Super-Fan Chief Zee's Heartfelt Comfort to the Enemy

Chief Zee's car ad with Antwaan Randle El, Santana Moss and Jason Campbell.
Chief Zee's car ad with Antwaan Randle El, Santana Moss and Jason Campbell. (Easterns Automotive Group)
By Amy Argetsinger and Roxanne Roberts
Friday, September 14, 2007

No matter what happens at the games, Redskins devotees count on one person to keep them cheering: Chief Zee, the team's No. 1 fan for almost three decades. Many folks probably worried when the Chief, who's instantly recognizable in full feathered headdress and Indian costume, was nowhere to be found at Sunday's season opener against Miami.

Turns out he was in enemy territory -- Texas Stadium -- to honor the godfather of superfans, Wilford "Crazy Ray" Jones. Crazy Ray died in March after 44 years of rooting for the Dallas Cowboys, and Chief Zee escorted Jones's widow onto the field in Sunday's pregame ceremony. It was only the second time in 29 years that the Chief missed a Redskins home game; the last was in 1981, when his father died. "The only thing that would keep me away was the death of my father or Crazy Ray," he told us yesterday. "We became like brothers."

Chief Zee -- whose real name is Zema Williams -- first showed up at a Redskins game on Sept. 5, 1978, and quickly became a favorite for his unbridled antics and enthusiasm for the team. "Everybody's the number one fan," he said. "I'm just the messenger."

He was inducted into the fan section of the Football Hall of Fame in 2000, and is featured in the new ads for Easterns Automotive alongside Santana Moss, Antwaan Randle El and Jason Campbell. Last year, one of Chief Zee's big toes was amputated, and now the 66-year-old races around the grounds of FedEx Field on a moped: "I'm scooting all through the parking lots, entertaining the tailgaters and harassing the visitors -- with love."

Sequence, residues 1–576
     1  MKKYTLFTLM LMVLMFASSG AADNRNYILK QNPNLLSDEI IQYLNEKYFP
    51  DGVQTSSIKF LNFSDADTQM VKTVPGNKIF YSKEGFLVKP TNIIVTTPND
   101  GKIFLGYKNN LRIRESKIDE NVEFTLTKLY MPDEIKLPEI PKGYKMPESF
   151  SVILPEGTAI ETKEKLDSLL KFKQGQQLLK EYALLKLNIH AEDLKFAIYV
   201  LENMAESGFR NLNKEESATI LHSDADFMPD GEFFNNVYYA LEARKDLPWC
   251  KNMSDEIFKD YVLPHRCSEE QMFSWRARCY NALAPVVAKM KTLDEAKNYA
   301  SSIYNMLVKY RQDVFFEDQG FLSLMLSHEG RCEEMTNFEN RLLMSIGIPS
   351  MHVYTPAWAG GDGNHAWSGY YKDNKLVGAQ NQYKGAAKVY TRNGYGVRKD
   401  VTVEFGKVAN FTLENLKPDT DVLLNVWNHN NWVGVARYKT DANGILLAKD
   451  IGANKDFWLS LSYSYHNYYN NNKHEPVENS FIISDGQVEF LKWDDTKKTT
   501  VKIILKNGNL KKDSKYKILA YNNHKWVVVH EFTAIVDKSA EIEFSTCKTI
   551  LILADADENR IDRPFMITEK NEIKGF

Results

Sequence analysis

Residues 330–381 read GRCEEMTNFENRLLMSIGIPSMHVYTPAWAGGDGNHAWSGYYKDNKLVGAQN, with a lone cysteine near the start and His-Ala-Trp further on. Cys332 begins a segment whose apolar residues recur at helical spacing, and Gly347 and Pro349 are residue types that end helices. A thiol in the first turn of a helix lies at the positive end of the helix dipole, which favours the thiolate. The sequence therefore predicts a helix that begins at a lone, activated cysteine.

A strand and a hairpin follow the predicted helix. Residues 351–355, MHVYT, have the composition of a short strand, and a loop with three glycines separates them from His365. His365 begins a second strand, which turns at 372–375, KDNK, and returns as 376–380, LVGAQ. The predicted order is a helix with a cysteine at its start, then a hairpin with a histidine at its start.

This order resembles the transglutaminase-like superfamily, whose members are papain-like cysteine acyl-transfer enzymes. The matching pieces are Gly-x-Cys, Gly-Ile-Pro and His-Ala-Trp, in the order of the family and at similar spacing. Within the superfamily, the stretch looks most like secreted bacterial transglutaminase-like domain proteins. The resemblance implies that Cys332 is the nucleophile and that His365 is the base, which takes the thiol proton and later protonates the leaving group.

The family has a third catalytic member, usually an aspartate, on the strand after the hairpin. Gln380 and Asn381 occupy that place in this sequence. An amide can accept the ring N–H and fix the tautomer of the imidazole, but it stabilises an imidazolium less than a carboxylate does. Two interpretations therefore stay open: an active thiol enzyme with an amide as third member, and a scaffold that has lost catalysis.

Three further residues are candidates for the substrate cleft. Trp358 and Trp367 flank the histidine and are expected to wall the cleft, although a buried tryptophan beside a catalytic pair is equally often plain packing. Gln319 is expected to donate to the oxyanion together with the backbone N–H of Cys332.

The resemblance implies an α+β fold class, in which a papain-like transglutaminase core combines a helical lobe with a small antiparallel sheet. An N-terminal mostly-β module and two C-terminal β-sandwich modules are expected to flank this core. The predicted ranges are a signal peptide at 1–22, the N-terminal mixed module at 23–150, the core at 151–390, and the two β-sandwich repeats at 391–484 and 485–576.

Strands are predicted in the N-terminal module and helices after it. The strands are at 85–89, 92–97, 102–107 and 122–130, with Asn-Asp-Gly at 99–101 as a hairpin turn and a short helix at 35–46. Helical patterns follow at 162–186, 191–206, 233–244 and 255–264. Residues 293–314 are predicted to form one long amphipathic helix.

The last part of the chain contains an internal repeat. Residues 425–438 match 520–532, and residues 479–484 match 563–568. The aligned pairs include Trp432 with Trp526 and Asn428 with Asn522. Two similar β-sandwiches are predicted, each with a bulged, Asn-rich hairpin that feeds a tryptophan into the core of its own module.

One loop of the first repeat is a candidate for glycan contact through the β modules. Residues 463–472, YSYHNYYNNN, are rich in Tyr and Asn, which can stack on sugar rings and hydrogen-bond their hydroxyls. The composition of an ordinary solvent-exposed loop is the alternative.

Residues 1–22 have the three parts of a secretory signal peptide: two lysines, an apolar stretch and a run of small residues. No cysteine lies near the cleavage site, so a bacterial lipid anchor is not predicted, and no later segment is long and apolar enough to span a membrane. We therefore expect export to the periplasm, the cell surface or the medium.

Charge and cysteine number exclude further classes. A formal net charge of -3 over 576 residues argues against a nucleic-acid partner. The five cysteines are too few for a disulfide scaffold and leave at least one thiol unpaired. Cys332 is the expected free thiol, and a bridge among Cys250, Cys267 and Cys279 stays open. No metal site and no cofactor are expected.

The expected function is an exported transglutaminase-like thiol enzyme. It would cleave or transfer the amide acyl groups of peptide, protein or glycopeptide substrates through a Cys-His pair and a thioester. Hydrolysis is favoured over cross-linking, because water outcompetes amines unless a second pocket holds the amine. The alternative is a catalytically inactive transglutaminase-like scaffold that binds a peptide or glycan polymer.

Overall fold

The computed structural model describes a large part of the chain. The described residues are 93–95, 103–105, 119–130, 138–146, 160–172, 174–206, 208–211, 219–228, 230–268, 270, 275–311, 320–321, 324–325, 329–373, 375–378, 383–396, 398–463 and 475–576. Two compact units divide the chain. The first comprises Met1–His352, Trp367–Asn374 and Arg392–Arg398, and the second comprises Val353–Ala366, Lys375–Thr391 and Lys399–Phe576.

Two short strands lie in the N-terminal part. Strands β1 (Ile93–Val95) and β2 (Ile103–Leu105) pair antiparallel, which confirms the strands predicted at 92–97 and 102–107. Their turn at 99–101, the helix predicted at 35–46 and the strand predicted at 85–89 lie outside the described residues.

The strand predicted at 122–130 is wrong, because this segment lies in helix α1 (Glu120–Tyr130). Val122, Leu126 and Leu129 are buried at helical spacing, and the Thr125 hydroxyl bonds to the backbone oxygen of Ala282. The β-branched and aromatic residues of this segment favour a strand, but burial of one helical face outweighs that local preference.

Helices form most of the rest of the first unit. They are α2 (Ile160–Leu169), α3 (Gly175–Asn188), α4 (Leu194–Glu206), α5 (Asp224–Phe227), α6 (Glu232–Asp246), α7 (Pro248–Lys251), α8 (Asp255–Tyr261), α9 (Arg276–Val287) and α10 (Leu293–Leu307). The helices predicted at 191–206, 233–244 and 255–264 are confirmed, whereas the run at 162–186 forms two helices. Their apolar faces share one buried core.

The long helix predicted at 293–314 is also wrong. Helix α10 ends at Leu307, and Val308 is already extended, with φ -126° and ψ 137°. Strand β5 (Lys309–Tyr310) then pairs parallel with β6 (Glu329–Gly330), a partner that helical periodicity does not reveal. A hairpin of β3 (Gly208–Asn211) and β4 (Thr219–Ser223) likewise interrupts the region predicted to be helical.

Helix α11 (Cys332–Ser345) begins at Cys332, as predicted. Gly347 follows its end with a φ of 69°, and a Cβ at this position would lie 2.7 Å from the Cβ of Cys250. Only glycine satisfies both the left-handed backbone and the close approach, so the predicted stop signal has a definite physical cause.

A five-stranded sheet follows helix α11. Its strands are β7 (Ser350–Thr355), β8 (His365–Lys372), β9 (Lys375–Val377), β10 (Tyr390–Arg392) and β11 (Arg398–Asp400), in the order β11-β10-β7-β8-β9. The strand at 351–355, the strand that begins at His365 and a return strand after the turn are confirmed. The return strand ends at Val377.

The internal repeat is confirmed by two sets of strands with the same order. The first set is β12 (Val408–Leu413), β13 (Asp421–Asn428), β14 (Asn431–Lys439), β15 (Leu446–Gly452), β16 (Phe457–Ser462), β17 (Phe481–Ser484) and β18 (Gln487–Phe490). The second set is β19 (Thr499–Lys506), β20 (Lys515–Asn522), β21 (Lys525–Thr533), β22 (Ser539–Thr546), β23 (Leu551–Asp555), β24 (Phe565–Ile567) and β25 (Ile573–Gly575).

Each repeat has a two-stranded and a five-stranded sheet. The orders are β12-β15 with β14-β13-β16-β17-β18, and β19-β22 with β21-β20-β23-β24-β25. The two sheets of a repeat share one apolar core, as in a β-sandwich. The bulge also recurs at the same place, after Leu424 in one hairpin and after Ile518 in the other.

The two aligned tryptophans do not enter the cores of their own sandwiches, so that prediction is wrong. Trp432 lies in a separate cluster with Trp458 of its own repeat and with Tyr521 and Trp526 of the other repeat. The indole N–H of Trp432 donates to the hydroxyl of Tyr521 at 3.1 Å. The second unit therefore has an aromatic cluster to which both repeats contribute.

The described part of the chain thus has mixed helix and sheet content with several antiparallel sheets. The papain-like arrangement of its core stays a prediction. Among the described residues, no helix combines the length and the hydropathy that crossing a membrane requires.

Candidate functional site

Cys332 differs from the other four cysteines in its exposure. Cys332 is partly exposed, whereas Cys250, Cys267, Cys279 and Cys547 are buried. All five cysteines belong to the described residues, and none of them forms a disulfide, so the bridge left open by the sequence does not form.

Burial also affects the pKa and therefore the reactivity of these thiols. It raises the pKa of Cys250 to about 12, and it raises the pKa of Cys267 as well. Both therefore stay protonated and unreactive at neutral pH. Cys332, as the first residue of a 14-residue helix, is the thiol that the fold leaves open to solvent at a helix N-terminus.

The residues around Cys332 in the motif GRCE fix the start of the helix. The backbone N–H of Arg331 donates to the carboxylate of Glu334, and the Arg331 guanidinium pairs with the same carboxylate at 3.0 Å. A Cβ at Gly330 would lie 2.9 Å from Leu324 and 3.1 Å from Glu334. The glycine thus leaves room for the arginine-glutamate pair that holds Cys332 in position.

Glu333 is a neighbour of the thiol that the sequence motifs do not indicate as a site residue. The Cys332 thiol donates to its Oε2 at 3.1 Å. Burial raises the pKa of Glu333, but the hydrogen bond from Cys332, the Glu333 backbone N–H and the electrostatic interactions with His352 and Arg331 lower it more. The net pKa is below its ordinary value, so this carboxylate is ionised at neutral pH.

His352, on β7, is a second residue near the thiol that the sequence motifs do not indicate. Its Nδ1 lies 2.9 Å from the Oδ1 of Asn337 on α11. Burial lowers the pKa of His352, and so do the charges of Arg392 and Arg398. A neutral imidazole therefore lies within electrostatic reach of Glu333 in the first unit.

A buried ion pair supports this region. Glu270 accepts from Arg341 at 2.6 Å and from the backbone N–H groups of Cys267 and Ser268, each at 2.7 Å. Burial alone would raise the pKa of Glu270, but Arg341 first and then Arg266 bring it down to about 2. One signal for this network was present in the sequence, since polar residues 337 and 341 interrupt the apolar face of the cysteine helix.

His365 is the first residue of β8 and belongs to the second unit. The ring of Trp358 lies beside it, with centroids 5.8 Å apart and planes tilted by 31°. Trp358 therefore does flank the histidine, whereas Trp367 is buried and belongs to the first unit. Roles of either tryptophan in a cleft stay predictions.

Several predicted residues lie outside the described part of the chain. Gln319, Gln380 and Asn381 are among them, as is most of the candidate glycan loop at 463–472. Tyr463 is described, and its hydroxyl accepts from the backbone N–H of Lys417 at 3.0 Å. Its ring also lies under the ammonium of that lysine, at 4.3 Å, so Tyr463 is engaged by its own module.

Last week, he watched the Skins' overtime win on television ("Loved the outcome, hate that [Jon] Jansen got hurt") and expects to be back for the next home game against the Giants on Sept. 23.


"Everybody was very annoyed with me for a long time: 'Come on, Nancy, get rid of these things.' Now, of course, I'm everybody's sweetheart, because I have all of these things that they can use. But no, no, I took a lot of heat."

-- Nancy Reagan, clearly still bitter about her clotheshorse image, in an interview with W magazine about a forthcoming exhibit at the Reagan Library displaying some 80 designer outfits she wore during her years as first lady.


The publishing industry is giving disgraced memoirist James Frey a second chance in a genre that might suit him better: fiction. HarperCollins will release a new novel by Frey, "Bright Shiny Morning," next summer, the Associated Press reports. Frey, 38, is the author who got chewed out by Oprah Winfrey and subjected to all kinds of scorn after admitting his best-selling life story, "A Million Little Pieces," was filled with stuff he just totally made up.

How to Get Russell Crowe to Visit Your Front Yard

An Annapolis family gave Russell Crowe a Hollywood welcome when a film shoot for "Body of Lies" set up on their block -- yes, literally. The cast and crew of the new Ridley Scott thriller (co-starring Leo DiCaprio, but we haven't seen him yet, have you? arrived in the waterfront neighborhood that plays the Oscar winner's home to find that the folks next door had set up a greeting on their front lawn -- a perfectly scaled rendering of the famous HOLLYWOOD sign in two-foot-high white letters. Apparently the neighbors -- whom a publicist on the set would ID only as the Wuest family -- had the sign left over from a Rat Pack-themed party a while back. They also (very smart!) set up a picnic table with snacks and a generally welcoming vibe, which lured Crowe over to chat and sign autographs for half an hour Wednesday night. Take note, star stalkers.

© 2007 The Washington Post Company